Richard Burr Voted Against Banning Insider Trading By Members Of Congress

Screengrab/Fox News/YouTube

JakeThomas

In 2012, Sen. Richard Burr voted against the STOCK Act, meant to keep Congress from insider trading.

Senator Richard Burr (R-NC) received oustized attention earlier this year over his decision to sell off massive amounts of stock just before the markets crashed amid coronavirus concerns — along with his private warnings about the pandemic’s far-reaching effects while publicly reassuring that the government could handle it.

But equally concerning is Burr’s 2012 vote against the Stop Trading on Congressional Knowledge (Stock) Act, The Washington Post noted in March.

The bill was meant to keep Congress, congressional staff and other federal officials from using insider knowledge gained on Capitol Hill to inform their investment decisions — the very situation Burr appears to find himself in now.

While the STOCK Act passed with a vote of 96 to 3 and was signed into law by President Barack Obama, Burr — who at the time called himself a “brave soul” for opposing it — described the bill as “insane.”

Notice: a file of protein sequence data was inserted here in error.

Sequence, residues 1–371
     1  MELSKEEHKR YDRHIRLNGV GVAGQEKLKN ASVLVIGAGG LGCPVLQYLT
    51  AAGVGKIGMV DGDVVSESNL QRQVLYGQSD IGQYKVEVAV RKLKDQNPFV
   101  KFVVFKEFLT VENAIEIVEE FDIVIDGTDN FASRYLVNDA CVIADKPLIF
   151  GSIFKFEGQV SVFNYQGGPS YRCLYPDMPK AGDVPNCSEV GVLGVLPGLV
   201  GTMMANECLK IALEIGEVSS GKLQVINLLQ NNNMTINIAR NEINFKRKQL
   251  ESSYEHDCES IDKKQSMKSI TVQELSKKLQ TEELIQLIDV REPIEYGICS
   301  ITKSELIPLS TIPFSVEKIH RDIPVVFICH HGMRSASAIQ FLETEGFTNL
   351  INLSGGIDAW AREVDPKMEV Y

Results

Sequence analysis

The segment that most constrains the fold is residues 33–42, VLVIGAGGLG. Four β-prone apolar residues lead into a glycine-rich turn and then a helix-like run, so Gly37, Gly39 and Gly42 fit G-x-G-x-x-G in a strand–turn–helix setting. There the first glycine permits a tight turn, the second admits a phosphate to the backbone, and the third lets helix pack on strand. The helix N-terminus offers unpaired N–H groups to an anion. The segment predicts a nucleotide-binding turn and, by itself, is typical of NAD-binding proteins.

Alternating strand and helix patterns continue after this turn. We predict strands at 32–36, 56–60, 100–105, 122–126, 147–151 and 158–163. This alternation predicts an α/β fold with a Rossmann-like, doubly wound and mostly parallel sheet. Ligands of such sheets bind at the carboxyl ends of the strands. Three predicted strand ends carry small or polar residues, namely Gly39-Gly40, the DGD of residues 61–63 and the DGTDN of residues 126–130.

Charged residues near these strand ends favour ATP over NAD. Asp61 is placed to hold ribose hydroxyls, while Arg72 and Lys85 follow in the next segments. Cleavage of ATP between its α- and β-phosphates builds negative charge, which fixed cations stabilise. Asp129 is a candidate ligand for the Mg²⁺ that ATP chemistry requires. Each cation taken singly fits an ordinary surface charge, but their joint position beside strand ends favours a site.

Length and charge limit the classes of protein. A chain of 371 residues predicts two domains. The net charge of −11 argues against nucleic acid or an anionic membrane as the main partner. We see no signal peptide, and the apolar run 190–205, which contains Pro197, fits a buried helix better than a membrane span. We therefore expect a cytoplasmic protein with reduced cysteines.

The North Carolina Republican “rejected the idea that specific legislation was needed for Congress, pointing to existing federal laws from the Securities and Exchange Commission to prevent insider trading,” The Post reported.

However, there is plenty of evidence that existing law was not keeping members of Congress in check, as the newspaper noted:

“In a 2004 paper published in the Journal of Financial and Quantitative Analysis, researchers found that senators who made stock trades outperformed the market by an average margin of 12 percent. A 2010 Wall Street Journal investigation later found that congressional staffers had stock in companies benefiting from legislation that the staffers were supporting.”

Burr said in 2016 that he had opposed the STOCK Act because “North Carolinians did not send me to Washington to duplicate existing law, and that’s in fact what the Stock Act did.”

Regarding his more recent situation — which involved selling 33 stocks held by him and his wife totaling somewhere between “$628,033 and $1.72 million, in some of the industries hit hardest by the global pandemic” — Burr pleaded his innocence.

“Senator Burr filed a financial disclosure form for personal transactions made several weeks before the U.S. and financial markets showed signs of volatility due to the growing coronavirus outbreak,” his office said in a statement.

Read the full report.

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